RUSSIAN DOLLS is an amiable film. A lot of the scenes are played well, especially in the first half, and given that the movie is shot on Digital Video, Paris looks suitably dreamy. We should all live in such apartments! But, having said all this, ultimately, RUSSIAN DOLLS is a film that frustrates with its incoherent narrative structure.
RUSSIAN DOLLS is actually a sequel featuring a bunch of thirty-something Europeans, all of whom lived together in their student days. I have to confess to not seeing the original movie, and the sequel does not make me want to rush back to it. As in the original, RUSSIAN DOLLS focuses on Xavier, a Parisian writer played by Romain Duris, and his complicated love life. Xavier claims that he is in love with is best friend, Martine, played by Audrey Tautou (soon to be seen in the Da Vinci Code flick.) She is a single-mother environmental campaigner. Yet while Xavier looks after her kid and claims love, he also shows her precious little empathy when she is going through emotional difficulties – unceremoniously kicking her out of bed to make way for his latest squeeze, Kassia. Meanwhile, Xavier is crashing with his friend, Isabelle (played by the marvellous Cecile de France) a gay financial news reporter. Desperate to cheer up his frail grandfather by introducing him to a non-existent fiancée, Xavier persuades Isabelle to put on – the horror! – a dress and pretend for an evening.
In all these intertwining relationships that make up the first hour of the movie, I felt engaged with the characters and emotionally invested in how things would turn out. There is a lot of oh-so-clever use of editing and fantasy sequences (Audrey Tautou dressed as a princess, explaining to her son about the seven Princes Charming she has dated etc) which I found got in the way of the drama rather than enhancing my enjoyment of the film. But a lot of people were laughing so what do I know?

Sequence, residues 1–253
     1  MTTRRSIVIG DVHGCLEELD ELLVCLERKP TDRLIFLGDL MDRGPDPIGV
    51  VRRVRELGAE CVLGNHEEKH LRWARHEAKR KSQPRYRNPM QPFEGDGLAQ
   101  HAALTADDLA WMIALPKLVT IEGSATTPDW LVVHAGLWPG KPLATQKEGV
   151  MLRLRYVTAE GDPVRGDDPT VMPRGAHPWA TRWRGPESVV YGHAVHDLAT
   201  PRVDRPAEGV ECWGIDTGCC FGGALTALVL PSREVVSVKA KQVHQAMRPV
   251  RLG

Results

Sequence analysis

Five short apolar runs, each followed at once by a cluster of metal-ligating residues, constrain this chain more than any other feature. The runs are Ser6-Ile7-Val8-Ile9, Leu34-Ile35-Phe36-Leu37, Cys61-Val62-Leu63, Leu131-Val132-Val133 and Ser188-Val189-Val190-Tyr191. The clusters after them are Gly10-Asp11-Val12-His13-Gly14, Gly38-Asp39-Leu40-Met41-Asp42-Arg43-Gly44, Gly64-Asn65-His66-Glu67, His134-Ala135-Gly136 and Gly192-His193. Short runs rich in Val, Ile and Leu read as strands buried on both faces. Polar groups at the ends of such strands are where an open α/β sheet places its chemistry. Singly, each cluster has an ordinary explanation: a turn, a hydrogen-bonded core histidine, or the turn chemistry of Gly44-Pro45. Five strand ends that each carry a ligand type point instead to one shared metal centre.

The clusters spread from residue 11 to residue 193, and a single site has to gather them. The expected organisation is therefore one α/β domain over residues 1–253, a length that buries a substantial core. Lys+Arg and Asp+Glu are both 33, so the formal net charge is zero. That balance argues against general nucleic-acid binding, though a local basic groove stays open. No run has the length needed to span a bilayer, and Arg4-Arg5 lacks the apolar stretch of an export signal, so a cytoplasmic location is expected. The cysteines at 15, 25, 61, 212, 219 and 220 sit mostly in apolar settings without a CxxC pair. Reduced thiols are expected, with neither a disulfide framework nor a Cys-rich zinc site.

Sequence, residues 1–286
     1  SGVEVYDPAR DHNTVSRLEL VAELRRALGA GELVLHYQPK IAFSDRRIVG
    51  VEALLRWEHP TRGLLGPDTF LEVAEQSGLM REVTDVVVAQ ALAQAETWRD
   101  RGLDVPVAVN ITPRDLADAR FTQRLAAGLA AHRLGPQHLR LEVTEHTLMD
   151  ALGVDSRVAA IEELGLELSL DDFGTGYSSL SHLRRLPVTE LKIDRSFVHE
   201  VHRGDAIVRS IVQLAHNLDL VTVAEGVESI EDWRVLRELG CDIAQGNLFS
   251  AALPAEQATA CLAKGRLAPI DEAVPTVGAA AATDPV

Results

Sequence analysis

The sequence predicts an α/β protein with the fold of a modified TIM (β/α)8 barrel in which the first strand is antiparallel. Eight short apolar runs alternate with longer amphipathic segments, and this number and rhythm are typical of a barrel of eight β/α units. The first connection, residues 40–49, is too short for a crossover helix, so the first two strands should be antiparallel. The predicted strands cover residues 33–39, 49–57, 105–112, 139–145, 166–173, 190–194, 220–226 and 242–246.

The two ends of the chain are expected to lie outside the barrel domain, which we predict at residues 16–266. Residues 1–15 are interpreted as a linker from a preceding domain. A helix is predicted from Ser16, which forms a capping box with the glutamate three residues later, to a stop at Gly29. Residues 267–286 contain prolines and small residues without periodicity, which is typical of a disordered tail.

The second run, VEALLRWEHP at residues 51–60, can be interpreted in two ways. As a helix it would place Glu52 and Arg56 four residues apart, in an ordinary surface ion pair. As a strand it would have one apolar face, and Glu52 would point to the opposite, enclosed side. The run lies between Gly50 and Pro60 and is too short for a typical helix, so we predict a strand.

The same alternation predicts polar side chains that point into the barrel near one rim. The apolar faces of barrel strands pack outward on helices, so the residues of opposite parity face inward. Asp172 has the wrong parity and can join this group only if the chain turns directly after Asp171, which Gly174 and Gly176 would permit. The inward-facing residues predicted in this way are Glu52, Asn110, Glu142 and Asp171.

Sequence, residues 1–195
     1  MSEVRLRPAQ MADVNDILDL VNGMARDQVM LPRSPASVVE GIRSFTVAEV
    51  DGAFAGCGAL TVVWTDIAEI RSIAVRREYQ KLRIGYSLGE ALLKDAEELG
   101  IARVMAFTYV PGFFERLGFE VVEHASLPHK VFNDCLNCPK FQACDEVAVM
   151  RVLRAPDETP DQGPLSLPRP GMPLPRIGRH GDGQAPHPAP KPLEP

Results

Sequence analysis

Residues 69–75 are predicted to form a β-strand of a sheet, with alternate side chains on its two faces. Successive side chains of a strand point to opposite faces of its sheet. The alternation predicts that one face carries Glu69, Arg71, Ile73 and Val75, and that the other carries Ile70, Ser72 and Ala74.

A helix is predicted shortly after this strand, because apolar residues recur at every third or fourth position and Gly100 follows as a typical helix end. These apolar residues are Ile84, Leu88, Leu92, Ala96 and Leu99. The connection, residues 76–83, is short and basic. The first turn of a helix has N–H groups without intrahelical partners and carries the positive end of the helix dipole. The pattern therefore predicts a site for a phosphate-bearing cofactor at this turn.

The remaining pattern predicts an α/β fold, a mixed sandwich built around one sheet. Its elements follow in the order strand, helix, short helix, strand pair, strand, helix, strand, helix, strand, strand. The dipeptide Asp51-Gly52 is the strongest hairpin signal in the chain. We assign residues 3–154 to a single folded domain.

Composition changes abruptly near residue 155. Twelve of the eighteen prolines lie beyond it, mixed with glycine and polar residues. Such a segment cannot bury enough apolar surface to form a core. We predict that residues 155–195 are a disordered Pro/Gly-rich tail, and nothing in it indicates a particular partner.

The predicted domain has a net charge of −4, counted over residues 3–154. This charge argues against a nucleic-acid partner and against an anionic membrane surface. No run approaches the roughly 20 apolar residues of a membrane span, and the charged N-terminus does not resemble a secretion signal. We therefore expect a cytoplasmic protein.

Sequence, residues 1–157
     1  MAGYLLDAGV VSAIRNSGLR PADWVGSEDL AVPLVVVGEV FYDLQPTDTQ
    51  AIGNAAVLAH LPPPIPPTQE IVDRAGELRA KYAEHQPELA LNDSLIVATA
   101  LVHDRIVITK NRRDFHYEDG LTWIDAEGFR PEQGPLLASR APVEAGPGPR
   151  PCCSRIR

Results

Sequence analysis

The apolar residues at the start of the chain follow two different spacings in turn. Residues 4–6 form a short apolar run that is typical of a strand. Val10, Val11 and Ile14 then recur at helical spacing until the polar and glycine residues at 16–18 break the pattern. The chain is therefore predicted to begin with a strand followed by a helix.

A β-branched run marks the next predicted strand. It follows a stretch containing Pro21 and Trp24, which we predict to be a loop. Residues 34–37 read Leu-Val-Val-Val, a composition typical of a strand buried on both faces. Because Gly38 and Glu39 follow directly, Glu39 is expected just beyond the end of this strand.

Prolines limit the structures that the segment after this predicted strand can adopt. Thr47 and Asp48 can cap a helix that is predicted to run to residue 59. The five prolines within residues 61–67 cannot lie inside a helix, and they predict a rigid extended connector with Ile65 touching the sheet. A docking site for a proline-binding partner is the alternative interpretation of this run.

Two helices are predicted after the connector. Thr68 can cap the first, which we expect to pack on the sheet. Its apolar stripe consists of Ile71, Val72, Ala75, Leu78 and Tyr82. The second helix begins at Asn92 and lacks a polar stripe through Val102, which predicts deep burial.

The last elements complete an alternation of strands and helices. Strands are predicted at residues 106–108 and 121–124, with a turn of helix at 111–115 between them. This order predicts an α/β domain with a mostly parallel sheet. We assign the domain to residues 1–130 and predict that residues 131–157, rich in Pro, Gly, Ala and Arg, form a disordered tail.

However, in the second hour the movie takes a sharp right-turn into an entirely different story. The three key female protagonists are dropped and we enter a new world! Xavier is now torn between a screenwriter who loves him, played by the unimpressive Kelly Reilly, and a supermodel whose memoirs he is ghost-writing. This whole segment seemed to me unrealistic, inauthentic and just plain bizarre. Moreover, I found the writer-director’s treatment of the Xavier character a little irritating. Here was a man who had been a bit of a shit to all the women in his life, but you know, he is charming and handsome and he can change, so that’s okay? In the final scene, we see a brief flash to the Audrey Tautou character, in a belated recognition that one of the key characters had been dropped. Frankly, the whole thing seemed stretched rather thin.
RUSSIAN DOLLS was released in France, Australia, Germany and Austria in 2005. It is currently on extremely limited release in the UK and US.